But there's a more nuanced way to look at this social shift, which is that it's yet another sign that men aren't adapting as well to changing social mores as women. According to this theory, women have embraced paid employment and independence, and that has resulted in rising expectations about what they want from a marriage.
As author Rebecca Traister noted in a 2016 interview with NPR, "The choice not to marry isn't necessarily a conscious rejection of marriage" but may be about "the ability to live singly if an appealing marriage option doesn't come along."
In an era of women's growing independence, for a man to be marriageable it's not enough to have a steady job. What women want in a partner isn't really well measured, unfortunately. But it's safe to guess that in our era of growing feminism the likely answers include more respect, greater equality and a sense of partnership. Women are not rejecting marriage so much as they are rejecting old-fashioned marriage norms, whereby the man provides economically and the woman is expected to be submissive. If women don't think men are interested in meeting these expectations, then women are going to be less interested in marriage.
This theory could even help explain the class differences surrounding childbearing by unmarried women.
In addition, college-educated women are more likely to be married when they give birth. But they are also likely to be older than working-class women when they give birth.
That suggests college-educated women are more likely to hold out for the right guy before they get pregnant. That isn't particularly surprising, considering the statistics around unintended pregnancy.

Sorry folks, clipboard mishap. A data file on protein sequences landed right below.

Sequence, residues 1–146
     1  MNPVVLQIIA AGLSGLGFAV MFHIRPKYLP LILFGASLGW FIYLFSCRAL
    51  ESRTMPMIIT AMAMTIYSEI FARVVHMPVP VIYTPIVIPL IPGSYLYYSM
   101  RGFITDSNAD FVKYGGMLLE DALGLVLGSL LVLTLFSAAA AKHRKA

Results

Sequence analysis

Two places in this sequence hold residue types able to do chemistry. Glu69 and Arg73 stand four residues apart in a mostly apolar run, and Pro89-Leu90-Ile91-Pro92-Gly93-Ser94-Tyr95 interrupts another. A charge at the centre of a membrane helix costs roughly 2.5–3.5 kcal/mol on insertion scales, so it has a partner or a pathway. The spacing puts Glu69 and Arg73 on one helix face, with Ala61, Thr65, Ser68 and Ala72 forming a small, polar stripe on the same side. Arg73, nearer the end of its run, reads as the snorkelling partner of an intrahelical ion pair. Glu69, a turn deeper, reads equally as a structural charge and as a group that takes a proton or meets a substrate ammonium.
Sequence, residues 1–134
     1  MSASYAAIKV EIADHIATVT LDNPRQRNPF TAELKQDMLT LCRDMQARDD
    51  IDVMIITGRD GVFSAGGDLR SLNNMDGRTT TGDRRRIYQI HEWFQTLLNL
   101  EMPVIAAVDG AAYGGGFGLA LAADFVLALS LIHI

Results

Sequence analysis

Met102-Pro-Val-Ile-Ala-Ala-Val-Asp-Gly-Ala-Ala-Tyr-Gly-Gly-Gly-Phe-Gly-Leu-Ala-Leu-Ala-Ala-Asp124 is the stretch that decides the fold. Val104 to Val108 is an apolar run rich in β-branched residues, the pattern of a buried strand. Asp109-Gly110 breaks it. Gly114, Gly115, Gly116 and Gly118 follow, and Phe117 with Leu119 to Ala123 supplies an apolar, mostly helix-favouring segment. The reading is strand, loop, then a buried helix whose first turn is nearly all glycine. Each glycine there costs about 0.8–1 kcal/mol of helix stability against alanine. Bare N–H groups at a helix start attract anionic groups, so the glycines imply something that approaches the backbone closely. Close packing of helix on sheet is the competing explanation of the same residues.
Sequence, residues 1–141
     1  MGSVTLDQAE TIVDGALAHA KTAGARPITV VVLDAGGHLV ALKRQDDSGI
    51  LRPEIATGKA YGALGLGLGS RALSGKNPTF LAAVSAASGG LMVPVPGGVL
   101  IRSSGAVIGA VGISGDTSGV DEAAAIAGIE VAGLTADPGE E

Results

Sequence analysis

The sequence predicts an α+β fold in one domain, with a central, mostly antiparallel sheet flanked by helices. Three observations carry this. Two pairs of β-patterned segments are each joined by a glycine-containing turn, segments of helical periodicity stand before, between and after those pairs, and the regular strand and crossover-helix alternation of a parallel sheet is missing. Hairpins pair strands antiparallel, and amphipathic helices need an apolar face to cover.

"Unintended pregnancy rates are highest among poor and low-income women, women aged 18–24, cohabiting women and minority women," according to the Guttmacher Institute's fact sheet on unintended pregnancy. "Rates tend to be lowest among higher-income women, white women, college graduates and married women. For example, in 2011, the rate of unintended pregnancy among higher-income white women was less than half the national rate."
To be sure, one of the findings of Kearney's research, is that higher wages correlated with increased childbearing rates in the communities she studied. But as Kearney noted, both married and unmarried people had more kids. This is just further proof of growth of the belief that being married is not a prerequisite for having kids, although the research also suggests people are more inclined to have kids if they think they can afford them.
“As an economist, these results are kind of sobering because we don’t have much to say about changing attitudes and culture," Kearney said, noting that there's no obvious policy proposal that's equipped to deal with the fact that women may want more out of marriage than men are ready to give. Marriage has a number of benefits for both men and women in the abstract, but when any individual rejects a marriage, he or she usually does so for good reasons. This might be a change that society has to adapt to, rather than seeking to pressure men and women into tying the knot when they don't want to.